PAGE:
Kidney stones or Renal Calculi is the common term for Nephrolitiasis, a sometimes extremely painful condition where a build up of calcium, oxalate and uric acid creates hard crystal structures which vary in size from very small to golf ball like.
The kidneys are two bean shaped structures which lie near the middle of the back just under the ribs. They are responsible for removing excess water and wastes from the blood, passing it out through the ureters as urine. They are also involved in maintaining the balance between sodium and potassium in the body and in the detoxification of the blood.
Kidney stones can form anywhere in the urinary tract, are mostly passed out without any problems but when they get stuck the pain is of an extraordinary intensity.
Kidney stones occur at least once in the lifetime of about 10% of the population, more often in women and the peak age is from 20 to 40. The incidence is higher in Caucasians and because of the higher likelihood of dehydration it is more common in hot climates.
Causes of Renal Calculi:
The exact cause is not known but predisposing factors include;
· Dehydration which causes a reduced urine production and allows the coagulation of substances that should be dissolved in the urine.
· Obstructions, particularly in immobilised patients in whom urination is often impaired allowing the solids to clump together.
· Infections which may well be the result of bacteria growing behind the initial obstruction.
· Metabolic factors such as gout, defective metabolism of oxalates, excessive intake of vitamin D and calcium and genetic defects.
· Bowel disease, Ileal bypasses or renal tube defects.
· Uric acid kidney stones which form when the uric acid level in the kidneys is higher than that in the blood.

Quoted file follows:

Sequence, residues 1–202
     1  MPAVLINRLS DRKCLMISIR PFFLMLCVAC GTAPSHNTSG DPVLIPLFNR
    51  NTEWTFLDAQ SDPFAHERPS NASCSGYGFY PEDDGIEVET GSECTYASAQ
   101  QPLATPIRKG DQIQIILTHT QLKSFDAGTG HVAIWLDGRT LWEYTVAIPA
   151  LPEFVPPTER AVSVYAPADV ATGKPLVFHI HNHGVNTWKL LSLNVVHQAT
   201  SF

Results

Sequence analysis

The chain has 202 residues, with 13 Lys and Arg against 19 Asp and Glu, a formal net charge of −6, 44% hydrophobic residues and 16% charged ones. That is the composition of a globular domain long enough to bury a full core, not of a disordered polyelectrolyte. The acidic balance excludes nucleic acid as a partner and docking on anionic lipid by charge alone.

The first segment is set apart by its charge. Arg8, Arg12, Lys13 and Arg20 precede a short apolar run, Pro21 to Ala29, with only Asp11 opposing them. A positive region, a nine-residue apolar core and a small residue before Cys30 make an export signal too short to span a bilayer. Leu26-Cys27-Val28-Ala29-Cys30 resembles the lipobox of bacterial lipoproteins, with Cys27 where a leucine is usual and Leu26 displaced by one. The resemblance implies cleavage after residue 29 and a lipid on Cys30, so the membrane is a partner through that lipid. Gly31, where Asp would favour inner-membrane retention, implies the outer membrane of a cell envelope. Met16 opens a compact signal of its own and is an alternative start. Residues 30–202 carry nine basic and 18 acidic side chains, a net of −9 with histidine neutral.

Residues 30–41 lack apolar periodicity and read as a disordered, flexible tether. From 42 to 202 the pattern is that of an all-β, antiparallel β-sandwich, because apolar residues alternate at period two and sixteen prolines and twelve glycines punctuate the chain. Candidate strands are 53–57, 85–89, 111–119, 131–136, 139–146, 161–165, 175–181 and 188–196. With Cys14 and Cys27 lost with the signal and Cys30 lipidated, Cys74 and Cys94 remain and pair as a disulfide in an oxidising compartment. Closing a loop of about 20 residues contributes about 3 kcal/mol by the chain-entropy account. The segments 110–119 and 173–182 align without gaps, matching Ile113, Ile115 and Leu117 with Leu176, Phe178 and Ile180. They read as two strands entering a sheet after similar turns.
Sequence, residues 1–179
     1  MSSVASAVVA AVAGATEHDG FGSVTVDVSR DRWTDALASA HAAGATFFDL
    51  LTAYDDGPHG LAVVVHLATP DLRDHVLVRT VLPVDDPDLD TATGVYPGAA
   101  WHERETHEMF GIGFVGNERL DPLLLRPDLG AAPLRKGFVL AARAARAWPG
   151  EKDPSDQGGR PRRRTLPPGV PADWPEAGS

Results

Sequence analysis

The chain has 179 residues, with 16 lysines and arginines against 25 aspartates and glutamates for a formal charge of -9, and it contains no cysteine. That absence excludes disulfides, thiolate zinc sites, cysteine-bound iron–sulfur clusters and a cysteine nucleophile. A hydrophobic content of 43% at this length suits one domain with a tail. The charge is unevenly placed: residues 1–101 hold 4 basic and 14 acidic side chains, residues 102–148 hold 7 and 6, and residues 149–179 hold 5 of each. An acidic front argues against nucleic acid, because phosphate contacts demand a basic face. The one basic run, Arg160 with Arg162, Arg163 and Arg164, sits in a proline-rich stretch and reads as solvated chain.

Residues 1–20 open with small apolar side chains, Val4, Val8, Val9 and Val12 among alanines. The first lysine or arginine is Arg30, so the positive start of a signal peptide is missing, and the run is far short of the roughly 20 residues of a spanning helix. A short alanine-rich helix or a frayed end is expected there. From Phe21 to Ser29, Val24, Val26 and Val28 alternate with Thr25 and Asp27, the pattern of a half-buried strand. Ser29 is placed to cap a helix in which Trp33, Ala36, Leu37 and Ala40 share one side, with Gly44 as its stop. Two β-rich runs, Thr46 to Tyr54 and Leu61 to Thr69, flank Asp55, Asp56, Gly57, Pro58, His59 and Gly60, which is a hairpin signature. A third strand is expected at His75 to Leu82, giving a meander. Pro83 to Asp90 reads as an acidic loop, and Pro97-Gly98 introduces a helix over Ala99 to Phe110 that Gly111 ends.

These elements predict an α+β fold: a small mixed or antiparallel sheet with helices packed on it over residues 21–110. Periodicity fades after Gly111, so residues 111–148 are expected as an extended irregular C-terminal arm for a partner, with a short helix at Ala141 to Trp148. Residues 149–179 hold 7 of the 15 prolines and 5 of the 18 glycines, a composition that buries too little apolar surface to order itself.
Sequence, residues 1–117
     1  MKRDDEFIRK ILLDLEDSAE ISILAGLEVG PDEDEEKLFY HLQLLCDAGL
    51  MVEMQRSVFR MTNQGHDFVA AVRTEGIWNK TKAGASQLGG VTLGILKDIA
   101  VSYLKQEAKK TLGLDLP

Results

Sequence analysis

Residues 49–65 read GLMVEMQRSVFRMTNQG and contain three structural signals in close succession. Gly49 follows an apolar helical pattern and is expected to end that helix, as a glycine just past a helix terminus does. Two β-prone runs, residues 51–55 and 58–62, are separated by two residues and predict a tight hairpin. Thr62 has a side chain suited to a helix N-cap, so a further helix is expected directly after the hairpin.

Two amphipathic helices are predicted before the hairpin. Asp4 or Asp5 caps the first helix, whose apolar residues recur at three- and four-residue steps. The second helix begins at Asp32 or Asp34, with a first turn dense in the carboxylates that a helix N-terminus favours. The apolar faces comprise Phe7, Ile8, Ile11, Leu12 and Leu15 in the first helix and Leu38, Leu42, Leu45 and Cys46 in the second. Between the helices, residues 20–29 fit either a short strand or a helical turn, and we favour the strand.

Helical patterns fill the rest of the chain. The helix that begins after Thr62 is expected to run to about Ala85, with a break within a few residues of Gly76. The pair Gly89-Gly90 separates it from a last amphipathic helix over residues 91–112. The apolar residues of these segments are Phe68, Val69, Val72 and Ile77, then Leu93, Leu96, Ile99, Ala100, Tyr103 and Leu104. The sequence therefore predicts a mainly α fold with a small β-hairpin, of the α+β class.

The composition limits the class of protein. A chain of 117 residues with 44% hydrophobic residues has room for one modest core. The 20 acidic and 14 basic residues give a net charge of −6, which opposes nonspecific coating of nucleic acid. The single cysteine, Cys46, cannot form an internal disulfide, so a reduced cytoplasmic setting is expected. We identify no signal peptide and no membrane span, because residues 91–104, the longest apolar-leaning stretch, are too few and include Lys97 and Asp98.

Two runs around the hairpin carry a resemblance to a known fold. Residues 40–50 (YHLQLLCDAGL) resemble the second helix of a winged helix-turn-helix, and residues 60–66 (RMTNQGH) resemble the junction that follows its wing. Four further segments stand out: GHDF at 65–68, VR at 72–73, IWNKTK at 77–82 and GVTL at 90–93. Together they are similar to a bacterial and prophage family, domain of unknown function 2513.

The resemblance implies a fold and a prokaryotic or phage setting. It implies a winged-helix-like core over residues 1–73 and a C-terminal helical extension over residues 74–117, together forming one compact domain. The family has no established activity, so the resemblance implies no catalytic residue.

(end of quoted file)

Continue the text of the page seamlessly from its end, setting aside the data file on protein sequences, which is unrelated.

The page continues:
Signs and Symptoms of Kidney Stones
Most renal calculi are small enough to pass through the ureters without any pain at all but when they get to a size where they obstruct the opening of the ureter they can cause intense pain of a level often compared to that of child birth. Typically the pain travels across the back and through the abdomen into the genital region varying in intensity as the peristaltic contractions in the ureters come and go. Sometimes the stones may be present in the renal pelvis and this may present as a dull pain which is more constant. When the pain is severe it may be accompanied by nausea, vomiting, abdominal distension, fever and blood in the urine.
Patient observation, x-rays, ultrasound, intravenous pyelograms, urinalysis MRI and CT scans are used alone or in combination to confirm diagnosis and to determine the size and location of the stones.
Treatment of Kidney Stones
Treatment is dependent on the size and location of the stones but in 90% of cases the stones are less than 5mm in diameter and can be allowed to pass naturally after increased fluid intake either by drinking or by the administration of an IV solution. Strong analgesics or other pain relief methods such as powerstrip pain patches need to be administered to control the pain and lessen the spasms. Sometimes a diuretic is added to promote urine flow and further calculus formation. Walking if possible should also be encouraged. Most stones will pass within 72 hours but for some it can take weeks.
Larger stones can be either broken up with a form of shock wave therapy called Lithotripsy or they can be manipulated and removed by introducing a cytoscope into the urethra.
Recent studies have shown that the restriction of dairy food which used to be advised is probably incorrect and that foods rich in calcium will actually help prevent kidney stones, however the impact of calcium supplements is not certain and it may pay to avoid them. Very recent research on Cell signaling molecules seems to indicate cell signaling supplements may well help to bring the body back into balance.
As with so many health problems, exercise is highly recommended because movement will help stones to mobilize. Adequate hydration is essential to prevent recurrence.